It is important to note that the translucent being’s full name was “Chaim, The Spirit of the Lonely Hollows”. On his wolfish face was a maudlin mixture of vague melancholy and unfettered boredom. His claws seemed chewed down to nubs (as a human might chew his own fingernails out of anxiety), and his overall look seemed as one older than his age (which was already impossible to guess), especially due to his haggard expression. He carried with him a long, sturdy shepherd’s hook; suspended from the curve was a large, swinging paper lantern, much in the style of the orient. The spirits first words, when seeing the towering, gaunt, bearded figure, dressed in animal skins, were stark.
“Don’t Hurt me! I’ve got so much to give!”
Now Petka Fawcett was an amiable chap by all accounts, and offered a hand of friendship to the strange being who attempted to do likewise, only to have an icy, wintry chill shoot up Petka’s arm as the spirit’s hand passed through his own,causing him to shudder involuntarily.
“Very sorry Mr…” trailed off the spirit’s shaky voice.
“Petka A. Fawcett. Please to meet you, good sir. And your name?”
“Gods, been a while since anybody asked me that! Sorry, sorry- please call me Chaim- like Hi-Em, but the first syllable comes from the back of the throat.”
“A pleasure Chaim.”
The moon, hanging low in the sky seemed to eye them suspiciously, as if that great white rock, in addition to his tidal duties had somehow failed in allowing the chance meeting of the mortal and immortal. But aside from the lunar stink eye (really a crater from a comet-collision somewhere in time out of mind), it provided a brilliant white light, tinged with the softest blue, which illuminated the little clearing where the two stood, making their simple greeting. Honestly, the clearing itself was very much a boon to Petka, as it seemed he would be able to sleep under the stars instead of the creaking boughs of many trees– and he had met a singular new friend to boot.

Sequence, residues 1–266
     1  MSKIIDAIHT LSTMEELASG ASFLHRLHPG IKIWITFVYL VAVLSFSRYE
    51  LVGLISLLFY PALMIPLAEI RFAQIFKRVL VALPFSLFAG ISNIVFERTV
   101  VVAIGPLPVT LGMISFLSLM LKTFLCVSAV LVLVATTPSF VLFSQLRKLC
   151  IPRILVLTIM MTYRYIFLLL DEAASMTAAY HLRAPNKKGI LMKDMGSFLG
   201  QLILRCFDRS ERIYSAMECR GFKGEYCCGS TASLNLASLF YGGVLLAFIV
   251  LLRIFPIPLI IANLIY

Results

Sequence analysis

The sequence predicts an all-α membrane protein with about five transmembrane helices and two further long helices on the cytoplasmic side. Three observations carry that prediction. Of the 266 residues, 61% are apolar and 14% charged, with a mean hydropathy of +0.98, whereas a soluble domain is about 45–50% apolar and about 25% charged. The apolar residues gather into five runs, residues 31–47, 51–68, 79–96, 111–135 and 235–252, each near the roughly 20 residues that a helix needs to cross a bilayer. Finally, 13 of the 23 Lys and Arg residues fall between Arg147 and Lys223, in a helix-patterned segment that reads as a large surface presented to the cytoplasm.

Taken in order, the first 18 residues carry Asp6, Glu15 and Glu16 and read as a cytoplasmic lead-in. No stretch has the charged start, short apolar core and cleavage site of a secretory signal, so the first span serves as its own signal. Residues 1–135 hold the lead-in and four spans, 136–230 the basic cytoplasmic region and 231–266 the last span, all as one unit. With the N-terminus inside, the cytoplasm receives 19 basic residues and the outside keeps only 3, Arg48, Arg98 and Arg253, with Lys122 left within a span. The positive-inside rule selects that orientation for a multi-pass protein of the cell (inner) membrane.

“Come, come…” trailed off Chaim, worrying at some loose thread in his careworn robe; he led Petka to the middle of the clearing, and sat upon a stump that seemed made for the purpose. He planted his staff in the dirt, allowing the eerie yellow glow of his firefly-lit lamp to add a certain otherworldly lux to their surroundings. After doing so, the spirit wrapped his lanky arms around his thin frame and shivered slightly.
“Cold?” asked Petka, “I have an extra fur, should you need it.”
“Oh, I appreciate it, truly I do Petka, but it would likely fall right through me- I’m incorporeal, so so physical things just don’t stay put. I can really only physically touch things that are on the same plane as me, though, and to quote the rules, ‘this regulation is subject to change at the pleasure of the reigning higher authority without notice’”.
“If I may ask a question…,” said Petka uncertainly, as he was unsure of how to address a Spirit of the Lonely Hollows, “How is it then that you are cold? Being incorporeal that is.”
The spirit gave a little laugh.
“It seems, Mr. Petka A. Fawcett, that the gods have determined that I have too much joy in my life.”
There was a brief, though no less awkward silence, where Petka waited for some elaboration, but was greeted only by a non-sequitur.
“Gods, I’m bored,” said Chaim with a deep sigh.